Len Wilkinson diligently learned Fijian with the assistance of a retired Fijian pastor who knew almost no English. He preached his first sermon in the Fijian language only six weeks after his arrival. He later became well known for his fluency in Fijian, and during the world war years was requested by the New Zealand government to carry out translation of news and letters from Fiji on a voluntary basis. However, while Fijian was used in the village and the school, as parents the Wilkinsons were strict about the use of English in their home. It was important that the children be equipped for their later return home.

The river was the transportation corridor for those living in the Wainibuka. In 1932, for example, Wilkinson, together with a number of other Church employees and some school students, floated down the river on a number of bilibili– large rafts of bamboo lashed together with a thatched house constructed on them for shelter from the elements– in order to attend the Fiji Mission meetings (bose) held on Nukulau Islands.

At the end of 1932, Wilkinson was appointed the first principal of a newly opened boarding school at Vatuvonu located on Fiji’s second largest island, Vanua Levu.20 The Navuso students and staff did not want to see the family leave. There was much weeping, for Wilkinson had proven to be a very popular teacher and principal.21 The Wilkinsons were at Vatuvonu for only two years, however. So well accepted was Len Wilkinson’s leadership that he was appointed the principal of the Buresala training school, the oldest and most senior of the Church’s training schools in Fiji. On his staff, as Bible Teacher, was Septimus Carr, who had opened the Buresala School in 1905 and who in 1908 was appointed as the first Seventh-day Adventist missionary to New Guinea. While at Buresala Enid engaged in the training of Fijian teachers as well as teaching her two older children. A third child, Beryl Maureen, was born in Suva.22

On July 18, 1937, during meetings on Nukulau Island, Wilkinson was ordained to the gospel ministry.23 Subsequently, at the beginning of 1938, he was appointed the district director of Viti Levu West. This district included much of the interior of Fiji’s largest island. His work involved much trekking and travelling by horse, living largely on native foods as he visited scattered villages.

In 1939, Wilkinson was appointed superintendent of the Fiji Mission and the family moved to the mission headquarters at Suvavou. Soon thereafter, Enid Wilkinson travelled to Australia where a son, Vernon Leonard, was born in Sydney.24 Later that year, Len Wilkinson joined the family for furlough and was appointed as a Bible teacher at Avondale College. He engaged in Bible teaching until the end of 1940, but was asked to return to Fiji as superintendent in 1941.

World War II brought the threat of a Japanese invasion, or at least bombing, to Fiji. The Fiji government asked Wilkinson to organize air-raid shelters and first aid clinics for half of Suva. The head of the Methodist Mission in Fiji, a friend of Wilkinson, was asked to do the same for the other half of Suva. Each one organized six shelters. Then in January 1942, while Wilkinson was away visiting remote village churches, a New Zealand army officer delivered an official notice to Enid Wilkinson, commandeering their home to house 45 New Zealand soldiers. She was allowed 48 hours in which to pack and move her family. Enid Wilkinson realized that the New Zealand officer had arrived on the last bus trip for the day, and soon the traffic curfew would mean no vehicles could run. The officer faced many miles of walking in the night to return to his army camp. She explained the situation, and suggested he be a guest for the night. The following day, the family packed and moved into Len Wilkinson’s small office, about 50 meters from their house. After Wilkinson returned home, they were able to move into the mission transit accommodation, where they remained until travelling to New Zealand in April 1942. While in New Zealand, Len Wilkinson had a goiter operation. The operation was only partially successful. Early in 1943, he was able to return to Fiji, but now had great difficulty in the tropical heat.25 At the end of 1944, he was appointed principal of Longburn College in New Zealand.26 He continued in that role for six years. However, in poor health, he resigned from denominational service and in 1951 went to live in Hastings, where he assisted his father, working in real estate and valuation.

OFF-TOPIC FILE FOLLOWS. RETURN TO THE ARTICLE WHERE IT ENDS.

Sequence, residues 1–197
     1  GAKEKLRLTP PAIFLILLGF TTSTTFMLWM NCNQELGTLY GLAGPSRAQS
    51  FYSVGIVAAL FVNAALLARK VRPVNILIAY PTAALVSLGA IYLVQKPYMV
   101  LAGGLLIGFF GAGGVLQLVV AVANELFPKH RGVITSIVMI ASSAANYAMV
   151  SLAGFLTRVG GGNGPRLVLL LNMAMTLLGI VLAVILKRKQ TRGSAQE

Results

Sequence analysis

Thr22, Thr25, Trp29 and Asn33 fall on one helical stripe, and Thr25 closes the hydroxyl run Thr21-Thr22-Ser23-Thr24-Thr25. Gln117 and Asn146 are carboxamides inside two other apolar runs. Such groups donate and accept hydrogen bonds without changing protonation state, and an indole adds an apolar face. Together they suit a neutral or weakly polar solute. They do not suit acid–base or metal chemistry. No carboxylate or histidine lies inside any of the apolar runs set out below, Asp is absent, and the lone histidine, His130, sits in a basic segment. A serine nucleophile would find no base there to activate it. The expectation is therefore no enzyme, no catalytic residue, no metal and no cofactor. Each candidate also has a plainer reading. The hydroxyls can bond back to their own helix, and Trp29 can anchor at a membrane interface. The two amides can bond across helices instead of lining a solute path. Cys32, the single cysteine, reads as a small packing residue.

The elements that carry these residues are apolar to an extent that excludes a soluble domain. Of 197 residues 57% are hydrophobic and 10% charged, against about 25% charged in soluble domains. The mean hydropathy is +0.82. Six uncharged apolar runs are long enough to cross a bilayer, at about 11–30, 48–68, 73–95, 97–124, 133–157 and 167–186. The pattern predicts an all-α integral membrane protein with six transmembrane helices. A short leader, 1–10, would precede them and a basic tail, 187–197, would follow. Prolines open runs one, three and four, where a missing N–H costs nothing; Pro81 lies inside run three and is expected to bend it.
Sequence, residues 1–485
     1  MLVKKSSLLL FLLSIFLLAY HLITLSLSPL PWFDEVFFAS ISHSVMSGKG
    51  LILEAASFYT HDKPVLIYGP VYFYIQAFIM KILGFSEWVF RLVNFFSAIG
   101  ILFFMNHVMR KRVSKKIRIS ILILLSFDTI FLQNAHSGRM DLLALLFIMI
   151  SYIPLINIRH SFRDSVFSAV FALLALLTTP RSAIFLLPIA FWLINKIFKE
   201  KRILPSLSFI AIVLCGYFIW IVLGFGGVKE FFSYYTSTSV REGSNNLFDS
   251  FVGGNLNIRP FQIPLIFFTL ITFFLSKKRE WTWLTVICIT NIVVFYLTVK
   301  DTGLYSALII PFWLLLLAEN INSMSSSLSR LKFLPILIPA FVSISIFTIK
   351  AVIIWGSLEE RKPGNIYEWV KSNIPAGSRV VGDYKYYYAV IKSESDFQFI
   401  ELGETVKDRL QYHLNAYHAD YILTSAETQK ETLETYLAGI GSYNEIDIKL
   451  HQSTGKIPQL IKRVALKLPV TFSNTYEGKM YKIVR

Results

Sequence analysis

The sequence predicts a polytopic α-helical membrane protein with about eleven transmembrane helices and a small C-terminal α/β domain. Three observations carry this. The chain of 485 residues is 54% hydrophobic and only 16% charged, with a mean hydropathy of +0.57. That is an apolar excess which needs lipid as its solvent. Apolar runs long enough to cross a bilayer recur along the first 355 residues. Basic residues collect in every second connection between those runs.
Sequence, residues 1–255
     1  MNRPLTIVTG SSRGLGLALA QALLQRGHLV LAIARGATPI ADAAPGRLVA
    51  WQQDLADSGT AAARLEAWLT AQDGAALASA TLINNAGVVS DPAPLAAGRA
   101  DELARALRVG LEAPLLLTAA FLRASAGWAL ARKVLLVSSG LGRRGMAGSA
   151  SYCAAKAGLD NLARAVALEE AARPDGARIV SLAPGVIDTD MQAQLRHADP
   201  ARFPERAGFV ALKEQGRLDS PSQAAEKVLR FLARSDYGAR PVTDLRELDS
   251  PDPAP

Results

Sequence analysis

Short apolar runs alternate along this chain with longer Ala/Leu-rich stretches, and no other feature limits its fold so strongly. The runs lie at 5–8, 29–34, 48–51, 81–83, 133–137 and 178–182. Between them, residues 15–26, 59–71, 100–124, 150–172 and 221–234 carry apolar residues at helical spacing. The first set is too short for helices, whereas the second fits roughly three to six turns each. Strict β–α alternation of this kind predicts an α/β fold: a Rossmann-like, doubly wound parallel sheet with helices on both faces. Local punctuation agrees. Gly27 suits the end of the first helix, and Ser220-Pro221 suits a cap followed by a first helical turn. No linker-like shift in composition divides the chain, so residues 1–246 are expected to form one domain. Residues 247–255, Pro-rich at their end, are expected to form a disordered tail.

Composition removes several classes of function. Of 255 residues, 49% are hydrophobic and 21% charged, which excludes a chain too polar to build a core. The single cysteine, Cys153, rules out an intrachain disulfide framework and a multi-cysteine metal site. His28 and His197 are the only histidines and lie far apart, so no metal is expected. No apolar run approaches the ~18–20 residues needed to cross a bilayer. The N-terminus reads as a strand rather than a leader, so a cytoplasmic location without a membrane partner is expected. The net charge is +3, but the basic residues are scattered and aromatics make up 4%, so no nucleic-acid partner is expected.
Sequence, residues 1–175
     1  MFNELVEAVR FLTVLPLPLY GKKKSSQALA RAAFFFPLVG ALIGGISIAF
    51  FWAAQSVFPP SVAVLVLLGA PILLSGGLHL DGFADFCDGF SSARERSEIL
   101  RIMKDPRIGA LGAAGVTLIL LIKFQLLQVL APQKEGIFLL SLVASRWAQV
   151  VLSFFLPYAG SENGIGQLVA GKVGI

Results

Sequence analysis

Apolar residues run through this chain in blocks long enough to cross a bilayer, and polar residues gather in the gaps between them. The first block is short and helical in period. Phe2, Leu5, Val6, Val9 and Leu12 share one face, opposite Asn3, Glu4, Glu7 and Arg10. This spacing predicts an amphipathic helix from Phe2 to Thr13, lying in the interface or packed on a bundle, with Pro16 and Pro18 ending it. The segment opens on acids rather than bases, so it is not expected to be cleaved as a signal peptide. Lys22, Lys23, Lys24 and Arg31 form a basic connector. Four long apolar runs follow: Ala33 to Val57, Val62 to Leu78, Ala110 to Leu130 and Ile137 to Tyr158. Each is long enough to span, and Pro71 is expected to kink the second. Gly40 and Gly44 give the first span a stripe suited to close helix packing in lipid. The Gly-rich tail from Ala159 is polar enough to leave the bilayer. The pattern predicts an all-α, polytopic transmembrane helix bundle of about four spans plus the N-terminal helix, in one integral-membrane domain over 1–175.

Later Life

For the next 27 years, despite health difficulties, Len Wilkinson served as head elder of the Hastings church, at times also serving on the local conference and division executive committees. For the same 27 years Enid Wilkinson served the Hastings church as treasurer.

Throughout their lives Len and Enid Wilkinson gave willing service to God. In Fiji Len Wilkinsons’s fluency in the local language, his willingness to visit remote village groups, enter into village life, and discuss spiritual truths in language that was readily understood was long remembered. As a principal he was much loved by staff and students, and many later expressed appreciation for the influence he had on their lives.

In 1995, the couple moved to Bethesda Home and Hospital in Auckland, where Len Wilkinson died, aged 90, on August 10, 1997.27 Following his death, Enid Wilkinson moved to a nursing home in Hamilton, New Zealand, to be closer to her two daughters. She died on May 25, 2006, a few weeks before she would have turned 101.28

Sources

Coltheart, Alvin. “Leonard Victor Wilkinson obituary.” Record, September 27, 1997.

“Distribution of Labour.” Australasian Record, October 18, 1926.

Edwards, Eva. E. “Wainibuka Intermediate School, Fiji.” Australasian Record. February 13, 1933.

“Enid Wilkinson.” Record, July 1, 2006.

Fraser, A. M. “Union Conference Annual Meeting.” Australasian Record, December 11, 1944.